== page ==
In many ways, no further argument should be required to prove the existence of a Canadian political elite. However, describing it in detail is hazardous, as the risk of getting (and deserving) egg on one’s face is quite high. Perhaps the greatest crime in this century has been making sweeping generalizations about people, and pegging large numbers of them into a particular hole. Generalization can lead to demonization, and may even result in persecution. While Canada’s 20th Century experience has been far more benign that that of most nations, one shou Id paste labels very carefully – if at all. However, if one is reluctant to make a generalized description of an elite class, those who belong to this group seem to have no reservations against generalizing about those who do not.
The other eggy risk arises from arguments about collective behaviour and notions of conspiracy theory. If one were to argue that Canada’s elites were moving in a particular direction because of some secret master design, one should rightly be lumped in with those who count gunmen on knolls and aliens in Area 51. Conspiracies rarely exist, and those that might occur must be simple and limited in design. What is far more likely is the natural outcome of collective bias, interests and the career progression of some talented people – then stir in short-sightedness, egotism and opportunism.
Does a Canadian political elite exist? Yes. Its existence should be self-evident, but those who do not care to accept our word for it are invited to read a little more widely. The development of political elites is no new story in the North American democracies. Its split from the general population is a more recent development – characteristic of the splintering effects of postmodernism.
A precise description of the Canadian political elite is a hazy undertaking. For a start, it is emphatically not some sort of quasi- aristocracy or self-selected oligarchy. Rather it appears to consist of a meritocratic core and a large outer layer of those who share the core’s values.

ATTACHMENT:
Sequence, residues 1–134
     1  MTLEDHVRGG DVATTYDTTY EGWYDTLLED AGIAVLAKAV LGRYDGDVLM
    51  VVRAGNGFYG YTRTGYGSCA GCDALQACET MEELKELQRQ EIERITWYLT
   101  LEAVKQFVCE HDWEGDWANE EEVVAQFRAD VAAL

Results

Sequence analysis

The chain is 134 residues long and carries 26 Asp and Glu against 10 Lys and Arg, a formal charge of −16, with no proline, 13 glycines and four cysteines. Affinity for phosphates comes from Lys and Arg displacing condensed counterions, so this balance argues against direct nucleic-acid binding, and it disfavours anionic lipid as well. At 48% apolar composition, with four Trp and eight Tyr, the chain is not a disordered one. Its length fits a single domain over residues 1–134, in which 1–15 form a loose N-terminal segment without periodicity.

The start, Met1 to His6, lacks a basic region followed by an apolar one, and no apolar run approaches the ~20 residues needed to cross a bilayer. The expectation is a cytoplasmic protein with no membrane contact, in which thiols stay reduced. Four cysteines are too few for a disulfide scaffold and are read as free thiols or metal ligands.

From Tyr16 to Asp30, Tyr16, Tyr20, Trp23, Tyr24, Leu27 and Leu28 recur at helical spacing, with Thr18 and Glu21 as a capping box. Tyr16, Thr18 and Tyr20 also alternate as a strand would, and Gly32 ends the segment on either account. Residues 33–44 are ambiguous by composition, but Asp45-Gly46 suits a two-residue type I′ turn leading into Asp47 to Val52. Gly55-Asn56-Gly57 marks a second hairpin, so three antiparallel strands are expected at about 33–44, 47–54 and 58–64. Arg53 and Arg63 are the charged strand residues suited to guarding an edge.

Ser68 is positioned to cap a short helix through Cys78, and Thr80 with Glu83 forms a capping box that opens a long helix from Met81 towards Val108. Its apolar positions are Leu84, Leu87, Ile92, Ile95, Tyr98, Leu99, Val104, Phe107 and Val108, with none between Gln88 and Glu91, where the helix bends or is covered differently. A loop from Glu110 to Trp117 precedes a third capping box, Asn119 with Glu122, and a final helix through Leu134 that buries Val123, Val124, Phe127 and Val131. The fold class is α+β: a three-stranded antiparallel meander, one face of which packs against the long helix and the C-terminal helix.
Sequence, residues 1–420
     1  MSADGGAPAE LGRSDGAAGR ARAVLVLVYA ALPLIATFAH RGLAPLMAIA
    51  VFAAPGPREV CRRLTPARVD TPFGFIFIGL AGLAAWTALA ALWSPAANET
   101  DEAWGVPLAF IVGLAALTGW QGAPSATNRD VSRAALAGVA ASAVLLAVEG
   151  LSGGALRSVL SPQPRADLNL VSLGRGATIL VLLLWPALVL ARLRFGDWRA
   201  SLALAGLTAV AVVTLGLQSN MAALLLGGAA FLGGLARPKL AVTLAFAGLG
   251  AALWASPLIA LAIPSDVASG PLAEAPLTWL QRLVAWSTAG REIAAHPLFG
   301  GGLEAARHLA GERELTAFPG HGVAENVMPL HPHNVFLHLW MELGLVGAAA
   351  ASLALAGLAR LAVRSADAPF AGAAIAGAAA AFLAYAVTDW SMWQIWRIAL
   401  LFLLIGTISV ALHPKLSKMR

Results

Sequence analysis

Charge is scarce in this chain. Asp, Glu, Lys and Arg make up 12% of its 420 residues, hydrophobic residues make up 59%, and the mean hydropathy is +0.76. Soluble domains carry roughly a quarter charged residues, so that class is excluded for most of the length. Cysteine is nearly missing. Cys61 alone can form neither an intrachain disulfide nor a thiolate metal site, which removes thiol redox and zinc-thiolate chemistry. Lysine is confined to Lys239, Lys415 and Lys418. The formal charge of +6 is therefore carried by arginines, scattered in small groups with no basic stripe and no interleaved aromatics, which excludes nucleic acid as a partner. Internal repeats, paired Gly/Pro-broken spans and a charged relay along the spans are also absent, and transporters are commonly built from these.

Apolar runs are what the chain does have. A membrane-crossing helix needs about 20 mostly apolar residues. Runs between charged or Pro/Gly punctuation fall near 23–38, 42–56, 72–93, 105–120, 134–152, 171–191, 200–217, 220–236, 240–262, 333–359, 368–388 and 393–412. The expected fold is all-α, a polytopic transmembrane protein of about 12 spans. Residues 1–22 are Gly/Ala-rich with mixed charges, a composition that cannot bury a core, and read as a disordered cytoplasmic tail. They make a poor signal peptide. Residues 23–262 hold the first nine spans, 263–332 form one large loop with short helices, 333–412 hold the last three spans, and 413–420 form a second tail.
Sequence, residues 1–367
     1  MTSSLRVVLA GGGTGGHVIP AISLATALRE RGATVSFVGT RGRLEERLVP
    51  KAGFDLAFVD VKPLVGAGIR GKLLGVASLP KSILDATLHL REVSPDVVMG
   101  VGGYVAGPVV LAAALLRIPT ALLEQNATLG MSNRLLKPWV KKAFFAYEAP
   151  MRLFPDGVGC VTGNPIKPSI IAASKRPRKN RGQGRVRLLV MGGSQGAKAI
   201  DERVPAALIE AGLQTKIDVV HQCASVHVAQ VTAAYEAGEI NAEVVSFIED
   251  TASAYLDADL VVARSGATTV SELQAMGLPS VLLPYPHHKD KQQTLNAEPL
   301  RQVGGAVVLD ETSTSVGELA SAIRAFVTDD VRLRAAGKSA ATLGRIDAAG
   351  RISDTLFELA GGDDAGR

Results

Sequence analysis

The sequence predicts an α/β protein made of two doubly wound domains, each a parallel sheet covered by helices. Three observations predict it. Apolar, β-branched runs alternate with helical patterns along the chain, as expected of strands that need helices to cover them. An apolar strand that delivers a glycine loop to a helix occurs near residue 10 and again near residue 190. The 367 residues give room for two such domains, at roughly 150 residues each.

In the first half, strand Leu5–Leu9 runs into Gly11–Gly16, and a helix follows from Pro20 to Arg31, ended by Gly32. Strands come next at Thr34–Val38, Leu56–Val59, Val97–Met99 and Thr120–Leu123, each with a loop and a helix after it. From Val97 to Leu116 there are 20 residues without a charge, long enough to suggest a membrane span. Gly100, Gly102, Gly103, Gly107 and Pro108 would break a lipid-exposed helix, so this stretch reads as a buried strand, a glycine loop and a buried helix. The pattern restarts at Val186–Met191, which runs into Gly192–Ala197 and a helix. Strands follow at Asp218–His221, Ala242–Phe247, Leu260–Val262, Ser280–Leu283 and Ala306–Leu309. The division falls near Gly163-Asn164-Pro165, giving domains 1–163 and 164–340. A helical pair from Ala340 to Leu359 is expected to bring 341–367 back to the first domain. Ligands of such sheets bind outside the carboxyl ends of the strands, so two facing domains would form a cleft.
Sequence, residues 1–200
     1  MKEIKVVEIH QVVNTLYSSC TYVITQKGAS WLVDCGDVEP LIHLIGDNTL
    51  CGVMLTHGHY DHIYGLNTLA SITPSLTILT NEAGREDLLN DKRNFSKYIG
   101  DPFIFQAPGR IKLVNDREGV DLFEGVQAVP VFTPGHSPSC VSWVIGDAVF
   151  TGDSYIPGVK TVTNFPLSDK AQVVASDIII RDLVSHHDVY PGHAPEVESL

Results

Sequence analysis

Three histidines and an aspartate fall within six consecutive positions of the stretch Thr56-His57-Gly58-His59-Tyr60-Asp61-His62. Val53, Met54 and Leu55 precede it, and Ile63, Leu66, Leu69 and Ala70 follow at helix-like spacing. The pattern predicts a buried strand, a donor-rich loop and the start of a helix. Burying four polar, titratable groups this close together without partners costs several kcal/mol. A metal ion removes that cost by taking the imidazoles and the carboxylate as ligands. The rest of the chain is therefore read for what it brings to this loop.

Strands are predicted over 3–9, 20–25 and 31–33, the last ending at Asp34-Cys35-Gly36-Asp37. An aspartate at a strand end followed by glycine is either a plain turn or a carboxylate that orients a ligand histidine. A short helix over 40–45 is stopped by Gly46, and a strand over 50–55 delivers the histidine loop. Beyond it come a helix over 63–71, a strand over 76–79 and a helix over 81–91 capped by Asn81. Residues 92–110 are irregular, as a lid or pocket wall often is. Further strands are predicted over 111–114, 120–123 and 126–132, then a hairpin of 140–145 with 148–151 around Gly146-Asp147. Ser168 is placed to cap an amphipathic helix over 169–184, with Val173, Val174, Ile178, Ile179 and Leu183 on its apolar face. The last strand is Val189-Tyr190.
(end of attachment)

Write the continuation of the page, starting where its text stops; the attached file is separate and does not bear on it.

The Meritocracy that forms the core generally holds to the following characteristics:
- Mostly drawn from urban Ontario and Quebec;
- Mostly drawn from the ranks of educated professionals (lawyers particularly);
- Generally follow a career path tracing through academia, the federal civil service, and senior positions within major corporations or top flight legal firms;
- At the core, it is almost invariably white and male – despite cosmetic appointments;
- Those interested in holding elected office usually serve long political apprenticeships within party structures;
- A deep skepticism about the common sense of the hoi polloi;
- A fondness for non-democratic decision- making;
- An absolute refusal to accept the legitimacy of dissenting viewpoints;
- A shared belief in the efficacy of centralized power in problem solving.
These characteristics only loosely define the heart of Canada’s governing elite. Beyond the core, Canada’s elite is wide open to anyone
who cares to earn their way into it. Admission to the wider body is also simple: If one shares the last four characteristics, one belongs. As a result, our “elite” is actually quite large.
Much of contemporary Canada is a creation of our elite. However, the public has seldom been consulted on real matters of interest, being told that it could instead vote for one of the three federal political parties that variously ,shared in the elite structure. After this, no further contribution was solicited nor welcome.
Elite perspectives dominated our mass media – who often saw themselves as a part of the elite and its main defence. This dominance only now may be cracking. However, for the past quarter century, media attitudes towards Canadian opposition to the elite have been neutral at best, and scathing otherwise.
Currently, opposition to Canada’s elites is growing – but slowly and with difficulty. Above all else, our elites are political animals and skilled in modern communications management. The diffuse and disunited voices of this opposition are mostly drawn from the despised blue collar and entrepreneurial middle classes. Most elements are almost incapable of co-operating with each other and are painfully slow at re-acquiring political clout. The domination of the elites shall likely continue for some time – and (unless they reform themselves) will cost Canada dear.
Suggested Reading List ~: Joe Armstrong; Farewell the Peaceful Kingdom ~: Norman Cantor; The American Century ~:’ James Fleming; Circles of Power ~: Richard J. Herrnst~in & Charles Murray; The Bell Curve (Although the book’s conclusions about race incited explosive controversy, its much more telling observations about the development of an elite class in America have been almost entirely ignored.) ~: Mark Kingwell; Dreams of Millennium ~: Christopher Lasch; The Revolt of the Elites and the Betrayal of Democracy ~: Peter C. Newman; The Canadian Revolution; ~i Conor Cruise O’Brien; On the Eve of the Millennium ~i John Ralston Saul; Reflections of a Siamese Twin, Voltaire’s Bastards, & The Doubter’s Companion